LSE- International Human RIghts Specialization General Inquires


Hi All,

I am an articling student who recently graduated from Osgoode Hall Law School in Toronto. I have applied to LSE (and only LSE thus far) for an LL.M. specializing in Human Rights.

Would somebody who is currently pursuing an LL.M. at LSE care to comment on whether they are liking their experience?

I would like to study outside of Canada, are there any other schools I should consider for the area that I am interested in.

Finally and perphaps most importantly, what are the post-LL.M. options avaliable to LSE students. Are they successful in securing internships, or jobs at NGO's or the UN etc?

Any info or advise regarding my questions or in general would be welcome. Thanks in advance.

Hi All,

I am an articling student who recently graduated from Osgoode Hall Law School in Toronto. I have applied to LSE (and only LSE thus far) for an LL.M. specializing in Human Rights.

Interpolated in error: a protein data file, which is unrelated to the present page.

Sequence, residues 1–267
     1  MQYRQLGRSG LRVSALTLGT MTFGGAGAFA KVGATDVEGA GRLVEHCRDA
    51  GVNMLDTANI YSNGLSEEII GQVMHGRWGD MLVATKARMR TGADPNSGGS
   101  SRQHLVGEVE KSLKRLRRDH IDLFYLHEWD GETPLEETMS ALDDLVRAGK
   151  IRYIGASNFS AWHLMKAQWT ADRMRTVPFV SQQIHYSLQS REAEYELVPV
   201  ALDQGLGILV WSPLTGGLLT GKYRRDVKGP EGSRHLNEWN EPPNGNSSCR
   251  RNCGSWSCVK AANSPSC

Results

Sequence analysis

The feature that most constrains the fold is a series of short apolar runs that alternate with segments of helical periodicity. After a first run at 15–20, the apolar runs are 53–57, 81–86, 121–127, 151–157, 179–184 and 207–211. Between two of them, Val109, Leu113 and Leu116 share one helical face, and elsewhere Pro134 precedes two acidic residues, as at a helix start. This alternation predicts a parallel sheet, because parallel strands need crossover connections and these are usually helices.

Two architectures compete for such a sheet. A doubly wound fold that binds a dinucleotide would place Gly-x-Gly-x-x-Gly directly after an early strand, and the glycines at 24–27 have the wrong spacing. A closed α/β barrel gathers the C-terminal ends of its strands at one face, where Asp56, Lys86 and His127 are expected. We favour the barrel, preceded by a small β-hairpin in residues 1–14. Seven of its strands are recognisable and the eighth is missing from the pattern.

Would somebody who is currently pursuing an LL.M. at LSE care to comment on whether they are liking their experience?

I would like to study outside of Canada, are there any other schools I should consider for the area that I am interested in.

Finally and perphaps most importantly, what are the post-LL.M. options avaliable to LSE students. Are they successful in securing internships, or jobs at NGO's or the UN etc?

Any info or advise regarding my questions or in general would be welcome. Thanks in advance.


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any advise at all guys?

any advise at all guys?
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gwilliams

I can't give you any advice on LSE, but I can suggest some other universities that offer good human rights LLMs. I am currently attending the University of Nottingham doing a Masters in International Human Rights Law. The law school here has several specialisations to choose from so there is quite a bit of flexibility as to courses. They have a Human RIghts Law Centre on site that is doing some really exciting research and there are lots of opportunities to get involved, either researching for a professor, working on projects for the law centre, helping organize a student conference, or getting an internship for the summer. So far I've found that to be a great part of the experience here, being able to gain some practical knowledge alongside my academic work.